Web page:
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Small game studios deliver big fun: Two $1 indies worth trying

A screen grab from They Bleed Pixels, an upcoming Xbox Live Indie channel game from Toronto-based Spoooky Squid

Spooky Squid

It's never easy for small, start-up studios to turn a profit from the games they make. An understanding of publishing channels, industry trends, and effective promotion strategies is key. However, even the most savvy business strategy will be for naught if you don't start with a game people want to play.

That's not going to be a problem for Spooky Squid, the Toronto-based studio behind the upcoming Xbox Live Indie release They Bleed Pixels. The two-person company's game is an instantly entertaining Super Meat Boy-inspired 8-bit side-scroller with a dark, Lovecraftian vibe and spectacularly gory combat.

Don't worry if you got lost midway that description. All you need to know is that it's a polished and challenging old-school platformer. I spent about 90 minutes with a not-quite-final build last week and came away eager to play through the whole thing.

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Its dark story focuses on a student at a boarding school for troubled young ladies. Upon finding a blood-stained book our heroine begins having terrifying nightmares in which her hands are replaced by giant claws. She has to journey through creepy, deadly environments, lithely avoiding spiky traps with graceful jumps while dispatching enemies in variety of imaginative ways, such as launching them into spinning saw blades and skewering them on ceiling pikes.

As with most platformers, our objective is simply to make it to each level's exit. However, players also have the opportunity to search out secret areas containing pages of the mysterious book that's the source of the girl's dreams and can carry out more audacious (and increasingly gruesome) combos to increase their score.

But it's the little things that make it memorable.

For example, gutting our enemies in stylish ways isn't something we do just for the satisfaction of seeing huge deluges of pixilated crimson. It also adds to a meter at the top of the screen that allows us to set new save points. That means we have a say over where we want to respawn in tricky areas – an innovative and tactically advantageous touch.

And the audio/visual experience, which combines a powerful retro soundtrack with dark, artsy backgrounds, is unexpectedly rich. Each dream has its own musical and graphical theme, like an underground level set in front of silhouetted flames and a quick, flickering score. It has a kind of distinct flavour and character that big studio projects often fail to find.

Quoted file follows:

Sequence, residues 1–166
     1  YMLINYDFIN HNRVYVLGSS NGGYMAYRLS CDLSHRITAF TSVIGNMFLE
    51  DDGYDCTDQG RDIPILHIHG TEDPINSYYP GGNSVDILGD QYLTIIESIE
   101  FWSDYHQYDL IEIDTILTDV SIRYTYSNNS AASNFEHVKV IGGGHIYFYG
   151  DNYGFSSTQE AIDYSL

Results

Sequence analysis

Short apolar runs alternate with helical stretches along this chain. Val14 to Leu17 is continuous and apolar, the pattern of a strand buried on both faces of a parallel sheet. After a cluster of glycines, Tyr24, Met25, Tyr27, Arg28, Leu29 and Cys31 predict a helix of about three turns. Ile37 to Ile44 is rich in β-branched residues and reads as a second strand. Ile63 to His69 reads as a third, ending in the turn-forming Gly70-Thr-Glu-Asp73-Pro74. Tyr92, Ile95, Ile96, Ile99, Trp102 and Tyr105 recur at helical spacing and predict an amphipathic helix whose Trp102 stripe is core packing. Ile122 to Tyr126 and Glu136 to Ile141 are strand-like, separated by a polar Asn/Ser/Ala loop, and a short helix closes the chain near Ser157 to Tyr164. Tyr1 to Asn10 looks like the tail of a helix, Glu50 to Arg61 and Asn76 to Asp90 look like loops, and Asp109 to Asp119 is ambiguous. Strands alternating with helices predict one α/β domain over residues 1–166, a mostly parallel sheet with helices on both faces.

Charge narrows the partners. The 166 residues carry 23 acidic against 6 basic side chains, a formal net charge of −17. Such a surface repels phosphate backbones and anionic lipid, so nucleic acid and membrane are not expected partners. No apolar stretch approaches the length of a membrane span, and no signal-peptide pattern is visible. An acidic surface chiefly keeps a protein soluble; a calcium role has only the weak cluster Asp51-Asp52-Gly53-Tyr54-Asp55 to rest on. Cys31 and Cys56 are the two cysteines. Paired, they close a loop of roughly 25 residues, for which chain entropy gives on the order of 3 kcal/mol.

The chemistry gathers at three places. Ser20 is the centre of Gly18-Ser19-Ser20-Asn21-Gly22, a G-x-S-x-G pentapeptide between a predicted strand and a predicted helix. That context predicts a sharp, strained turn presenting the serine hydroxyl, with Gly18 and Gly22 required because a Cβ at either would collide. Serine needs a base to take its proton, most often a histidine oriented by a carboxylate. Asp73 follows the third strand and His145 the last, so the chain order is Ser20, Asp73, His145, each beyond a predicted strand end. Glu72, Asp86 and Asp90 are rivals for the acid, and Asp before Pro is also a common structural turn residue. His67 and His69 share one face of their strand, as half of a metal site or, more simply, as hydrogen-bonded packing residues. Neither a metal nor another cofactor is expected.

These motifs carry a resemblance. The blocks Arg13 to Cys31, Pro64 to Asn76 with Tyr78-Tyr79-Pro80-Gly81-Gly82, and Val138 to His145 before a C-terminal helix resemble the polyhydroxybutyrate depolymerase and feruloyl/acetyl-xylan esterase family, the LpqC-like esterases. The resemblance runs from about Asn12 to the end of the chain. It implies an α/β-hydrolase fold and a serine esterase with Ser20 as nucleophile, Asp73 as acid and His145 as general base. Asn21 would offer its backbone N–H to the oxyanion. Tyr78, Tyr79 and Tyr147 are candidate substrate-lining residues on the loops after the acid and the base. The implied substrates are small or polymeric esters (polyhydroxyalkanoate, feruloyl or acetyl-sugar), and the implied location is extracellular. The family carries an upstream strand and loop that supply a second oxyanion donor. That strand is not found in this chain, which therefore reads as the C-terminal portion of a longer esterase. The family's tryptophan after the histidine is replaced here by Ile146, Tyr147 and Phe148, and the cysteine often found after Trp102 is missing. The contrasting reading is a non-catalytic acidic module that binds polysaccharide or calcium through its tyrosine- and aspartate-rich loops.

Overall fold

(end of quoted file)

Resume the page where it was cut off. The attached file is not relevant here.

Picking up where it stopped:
Indeed, They Bleed Pixels is clearly a product of many late nights spent fussing over the smallest of things. If the devil is in the details,then there's a fair chance the guys at Spooky Squid are lunch buddies with Beelzebub, and we should be glad of it.

Minutia is less of a concern in DLC Quest, an Xbox Live Indie channel game released last November from another tiny Canadian outfit: Ottawa's one-man Going Loud Studios. This brightly-coloured two-dimensional platformer, which was named the best Xbox Live Indie game of 2011 by Official Xbox Magazine, simply wants to tell us a joke. And it's a good one.

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Most gamers are aware of the relatively recent video game phenomenon known as downloadable content. It's the extra maps, skins, and weapons released after a game's launch that publishers charge for on a per-item basis. DLC Quest takes the idea of paying extra for this content to ridiculous extremes by forcing players to purchase game elements they normally take for granted.

The experience begins with our avatar standing upon a grassy field. There is no sound, our character doesn't animate (he simply glides), and we can't even move to the left. These and other basic "features" – like the ability to double-jump – need to be purchased from an in-game DLC vendor using coins collected during our journey.

It's clever, funny, and acts as a great example of how games can be a powerful and effective form of satirical commentary.

Of course, it's also a one-trick pony. After 30 minutes you begin to wonder just how far Going Loud can take the joke, and the answer comes shortly thereafter when the game abruptly ends.

But that's not a complaint as much as an expectation. Like They Bleed Pixels, DLC Quest only costs just 80 Microsoft Points, or about a buck. Viewed on an entertainment hour-per-dollar basis, it's at least as good a deal as most big budget action games.

And if that's all it takes to keep these little studios with big ideas in business making fun and subversive games, it's well worth the price.

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About the Author
Game and Gadget Reporter

Chad Sapieha has been writing about video games and consumer gadgets for the Globe and Mail since 2003. His work has been published in magazines, newspapers, and Web sites across North America, and he has appeared as an expert on television and radio newscasts. More

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